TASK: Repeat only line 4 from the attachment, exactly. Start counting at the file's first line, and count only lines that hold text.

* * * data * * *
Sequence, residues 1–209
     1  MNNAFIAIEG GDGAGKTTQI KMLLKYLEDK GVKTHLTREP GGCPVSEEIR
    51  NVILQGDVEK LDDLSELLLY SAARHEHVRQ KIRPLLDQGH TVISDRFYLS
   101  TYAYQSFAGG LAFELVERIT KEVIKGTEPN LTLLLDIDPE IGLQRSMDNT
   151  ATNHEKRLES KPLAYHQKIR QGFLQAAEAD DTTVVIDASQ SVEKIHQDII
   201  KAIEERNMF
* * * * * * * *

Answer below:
   101  TYAYQSFAGG LAFELVERIT KEVIKGTEPN LTLLLDIDPE IGLQRSMDNT